A temporary ban on refugees being admitted to the U.S. has put the spotlight on their plight. Few of us know what it is to lose our homes, our friends, our land, our belongings, and any sense of security. To lose identity, and dignity. Let us pray for the refugees—men and women, boys and girls—wandering the earth…
“The Spirit of the Lord is on me, because he has anointed me to proclaim good news to the poor. He has sent me to proclaim freedom for the prisoners and recovery of sight for the blind, to set the oppressed free, to proclaim the year of the Lord’s favor.”
Gracious Lord in heaven,
When we consider the misery and suffering of so many millions of people in the world today, we are overwhelmed
Occasionally I go to Bob and Win’s house to have them pray for me. I feel greedy doing so, because I know that even without that request, Bob and Win pray for me every day. And I mean pray. They talk to God the Father and Jesus and the Holy Spirit; they pour out their hearts. That has to be one of the main reasons they are the compassionate, generous people they are. They look at other people, and they see, with a precise vision, their real need. And they see the grace of God all around.
There is a view of leadership today that is disappointingly simplistic: merely getting people to do things. Many are successful in their efforts. They can get people to give money, attend large meetings, vote a certain way, develop a group identity, even to sacrifice. These are good things, but are not the apex of what Christian leaders are called to do.
A higher view of leadership includes higher purposes. This leadership aims at great aspirations, brilliant ideas, and high ideals. It aims at the betterment of people—their character and dignity, not just their pocketbook and status. It is committed to transformation. This is spiritual leadership—spiritual because it is empowered by the Spirit of God and its ends are spiritual vitality and growth. And the amazing thing is that God uses us even in our brokenness and sinfulness to lead people toward this transformation.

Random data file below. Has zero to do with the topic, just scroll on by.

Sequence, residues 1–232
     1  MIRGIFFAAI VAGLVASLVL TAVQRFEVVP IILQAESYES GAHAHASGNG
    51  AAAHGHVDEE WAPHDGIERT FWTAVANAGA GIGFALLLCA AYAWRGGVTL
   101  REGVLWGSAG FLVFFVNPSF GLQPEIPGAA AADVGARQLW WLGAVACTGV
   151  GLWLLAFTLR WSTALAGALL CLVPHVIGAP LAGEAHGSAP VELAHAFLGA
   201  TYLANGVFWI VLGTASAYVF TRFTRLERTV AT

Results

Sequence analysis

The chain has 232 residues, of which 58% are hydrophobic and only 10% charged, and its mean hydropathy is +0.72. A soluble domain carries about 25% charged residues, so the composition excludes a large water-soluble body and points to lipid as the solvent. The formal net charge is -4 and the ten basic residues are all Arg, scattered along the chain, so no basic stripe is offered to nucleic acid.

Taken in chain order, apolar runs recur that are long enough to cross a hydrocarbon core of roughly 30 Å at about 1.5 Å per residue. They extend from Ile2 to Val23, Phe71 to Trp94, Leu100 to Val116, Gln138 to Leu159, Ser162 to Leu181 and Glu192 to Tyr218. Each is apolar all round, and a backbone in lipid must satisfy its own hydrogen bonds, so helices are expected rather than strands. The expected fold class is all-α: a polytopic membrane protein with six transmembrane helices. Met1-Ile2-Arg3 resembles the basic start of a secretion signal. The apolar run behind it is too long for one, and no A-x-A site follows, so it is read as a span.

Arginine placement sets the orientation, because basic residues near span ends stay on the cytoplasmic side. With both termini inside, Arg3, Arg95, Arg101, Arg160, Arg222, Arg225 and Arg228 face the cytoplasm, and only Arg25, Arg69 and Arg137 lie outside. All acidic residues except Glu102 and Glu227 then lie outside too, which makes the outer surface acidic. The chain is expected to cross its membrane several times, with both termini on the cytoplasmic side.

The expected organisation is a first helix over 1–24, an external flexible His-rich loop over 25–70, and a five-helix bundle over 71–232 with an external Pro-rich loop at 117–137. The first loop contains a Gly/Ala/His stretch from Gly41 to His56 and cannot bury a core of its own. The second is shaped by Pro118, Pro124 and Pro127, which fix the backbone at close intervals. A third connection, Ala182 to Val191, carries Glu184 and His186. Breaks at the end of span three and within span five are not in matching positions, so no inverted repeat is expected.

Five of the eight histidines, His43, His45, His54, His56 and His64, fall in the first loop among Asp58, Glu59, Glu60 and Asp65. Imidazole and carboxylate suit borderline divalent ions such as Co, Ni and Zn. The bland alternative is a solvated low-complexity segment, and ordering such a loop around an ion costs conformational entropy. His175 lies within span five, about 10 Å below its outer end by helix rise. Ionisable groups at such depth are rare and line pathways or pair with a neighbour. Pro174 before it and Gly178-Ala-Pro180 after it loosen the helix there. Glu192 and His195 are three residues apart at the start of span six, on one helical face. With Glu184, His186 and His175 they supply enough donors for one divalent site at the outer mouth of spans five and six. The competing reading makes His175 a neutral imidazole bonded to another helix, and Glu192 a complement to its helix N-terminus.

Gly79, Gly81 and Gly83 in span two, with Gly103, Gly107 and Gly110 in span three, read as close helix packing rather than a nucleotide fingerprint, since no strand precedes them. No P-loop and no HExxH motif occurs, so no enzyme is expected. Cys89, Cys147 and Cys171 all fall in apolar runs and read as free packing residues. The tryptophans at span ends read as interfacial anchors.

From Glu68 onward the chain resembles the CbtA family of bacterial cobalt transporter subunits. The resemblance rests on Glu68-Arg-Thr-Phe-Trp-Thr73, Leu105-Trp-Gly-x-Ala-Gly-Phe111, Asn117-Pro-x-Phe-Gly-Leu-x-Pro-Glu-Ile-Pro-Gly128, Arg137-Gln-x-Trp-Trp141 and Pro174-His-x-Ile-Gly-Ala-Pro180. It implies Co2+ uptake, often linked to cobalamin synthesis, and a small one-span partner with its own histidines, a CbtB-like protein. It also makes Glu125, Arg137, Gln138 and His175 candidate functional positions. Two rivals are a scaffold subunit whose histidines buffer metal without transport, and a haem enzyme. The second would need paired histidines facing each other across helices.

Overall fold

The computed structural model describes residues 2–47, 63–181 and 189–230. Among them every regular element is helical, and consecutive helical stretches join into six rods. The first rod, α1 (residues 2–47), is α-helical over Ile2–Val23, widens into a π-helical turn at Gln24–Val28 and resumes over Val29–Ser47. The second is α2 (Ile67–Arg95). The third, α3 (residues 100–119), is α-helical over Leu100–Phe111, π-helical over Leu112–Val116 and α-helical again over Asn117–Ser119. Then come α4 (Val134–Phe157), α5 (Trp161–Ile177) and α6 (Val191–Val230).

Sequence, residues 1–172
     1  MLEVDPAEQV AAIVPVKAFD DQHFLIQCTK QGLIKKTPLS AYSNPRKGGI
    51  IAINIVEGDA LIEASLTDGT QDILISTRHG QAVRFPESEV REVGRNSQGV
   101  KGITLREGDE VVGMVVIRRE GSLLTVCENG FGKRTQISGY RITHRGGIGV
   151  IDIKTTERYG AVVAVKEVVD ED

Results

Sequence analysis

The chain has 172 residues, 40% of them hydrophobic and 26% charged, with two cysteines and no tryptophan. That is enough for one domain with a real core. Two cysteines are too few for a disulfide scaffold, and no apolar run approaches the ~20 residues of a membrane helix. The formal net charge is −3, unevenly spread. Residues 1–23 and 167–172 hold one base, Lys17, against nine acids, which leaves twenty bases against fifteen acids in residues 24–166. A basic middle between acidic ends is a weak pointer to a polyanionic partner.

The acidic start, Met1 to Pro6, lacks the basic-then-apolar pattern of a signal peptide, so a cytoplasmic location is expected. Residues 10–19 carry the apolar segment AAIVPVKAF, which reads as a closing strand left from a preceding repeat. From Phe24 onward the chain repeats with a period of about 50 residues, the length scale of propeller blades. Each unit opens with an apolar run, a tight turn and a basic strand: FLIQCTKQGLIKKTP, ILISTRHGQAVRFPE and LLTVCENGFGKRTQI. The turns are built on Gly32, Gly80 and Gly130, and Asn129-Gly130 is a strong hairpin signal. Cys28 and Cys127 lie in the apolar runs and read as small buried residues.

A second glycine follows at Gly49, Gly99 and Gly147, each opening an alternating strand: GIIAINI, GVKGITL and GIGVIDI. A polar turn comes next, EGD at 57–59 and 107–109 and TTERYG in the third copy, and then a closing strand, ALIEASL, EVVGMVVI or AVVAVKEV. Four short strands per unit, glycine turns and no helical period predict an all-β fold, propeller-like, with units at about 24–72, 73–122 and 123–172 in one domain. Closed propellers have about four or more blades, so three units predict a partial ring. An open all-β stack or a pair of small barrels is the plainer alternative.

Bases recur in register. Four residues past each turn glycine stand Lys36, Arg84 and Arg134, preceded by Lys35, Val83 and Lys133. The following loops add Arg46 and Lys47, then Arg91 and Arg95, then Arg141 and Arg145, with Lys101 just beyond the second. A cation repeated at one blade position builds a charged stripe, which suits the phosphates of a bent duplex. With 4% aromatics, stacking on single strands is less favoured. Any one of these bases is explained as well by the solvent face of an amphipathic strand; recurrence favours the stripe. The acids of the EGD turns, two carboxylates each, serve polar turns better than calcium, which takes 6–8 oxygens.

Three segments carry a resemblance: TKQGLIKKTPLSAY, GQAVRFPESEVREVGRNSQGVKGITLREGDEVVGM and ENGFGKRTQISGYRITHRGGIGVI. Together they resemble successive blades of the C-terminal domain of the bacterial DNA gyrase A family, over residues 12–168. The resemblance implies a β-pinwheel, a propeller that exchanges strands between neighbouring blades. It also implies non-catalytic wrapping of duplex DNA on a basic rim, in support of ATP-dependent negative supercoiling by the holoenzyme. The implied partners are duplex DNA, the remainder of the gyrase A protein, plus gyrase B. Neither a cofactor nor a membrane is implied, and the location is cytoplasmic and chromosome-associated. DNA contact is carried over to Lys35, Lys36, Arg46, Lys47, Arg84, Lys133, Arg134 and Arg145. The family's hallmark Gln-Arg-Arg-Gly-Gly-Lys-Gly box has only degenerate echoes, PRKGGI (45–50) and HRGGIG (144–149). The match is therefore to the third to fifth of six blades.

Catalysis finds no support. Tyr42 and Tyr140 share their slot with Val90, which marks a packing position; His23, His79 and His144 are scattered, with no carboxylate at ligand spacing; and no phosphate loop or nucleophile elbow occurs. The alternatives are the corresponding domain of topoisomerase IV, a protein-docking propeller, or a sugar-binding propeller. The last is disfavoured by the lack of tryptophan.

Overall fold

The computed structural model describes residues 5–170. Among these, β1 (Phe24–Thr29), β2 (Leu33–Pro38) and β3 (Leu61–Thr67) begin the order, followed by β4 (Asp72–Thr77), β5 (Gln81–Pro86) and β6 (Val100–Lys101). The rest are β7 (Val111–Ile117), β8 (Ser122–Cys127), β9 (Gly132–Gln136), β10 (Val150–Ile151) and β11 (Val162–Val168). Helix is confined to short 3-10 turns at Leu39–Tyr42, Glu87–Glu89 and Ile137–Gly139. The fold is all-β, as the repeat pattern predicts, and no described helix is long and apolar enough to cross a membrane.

It is easy to say we want to be Christ-centered, but the way we think and behave betrays the fact that we are most often Christian-centered. Churches that are only church-centered will never be Christ-centered. The remedy, in part, is to reserve time, energy, and desire, dedicating them to contemplating and worshiping Jesus Christ every day. This prayer, “Praise to Christ the Lord” (text and audio below) uses the seven “I am” passages in John, and other New Testament texts. (From Prayers for Our Lives.)
Audio version, read by Alice Kinyua of Nairobi, Kenya –
Praise to Christ the Lord
Lord Jesus Christ, we adore you and praise you. Where would we be without you? We long to live in your glory and your goodness.
You identified yourself with God the Father when you said “I am.” You explained your life and purpose by saying…
“I am the bread of life”*—and so we know we live through you.
“I am the light of the world”—and so we no longer live in the darkness of evil and ignorance.
“I am the gate for the sheep”—and so we know we are protected from spiritual predators.
“I am the good shepherd”—and so we are well fed, and led, and protected.
“I am the resurrection and the life”—and so we can live above the fear of illness and death.
“I am the way, the truth, and the life”—and so we see a clear way forward toward abundant life.
“I am the true vine”—and so we know staying connected to you is the most important priority we must have.
Lord Jesus, you are “the author of life.”* You came so that we may have life, and have it to the full.†
We can stand before God the Father because of your great sacrifice. You made peace through the blood of your cross, in order to reconcile all things to yourself. ‡
We are overwhelmed. We are in awe. We are humbled. We wish to worship and follow you all the days of our lives. We want to know you—yes, to know the power of your resurrection and participation in your sufferings, becoming like you in your death, and so, somehow, attaining to the resurrection from the dead.§
*The 7 “I am” passages are John 6:35-51; 8:12; 10:9; 10:11-14; 11:25; 14:6; 15:1-5.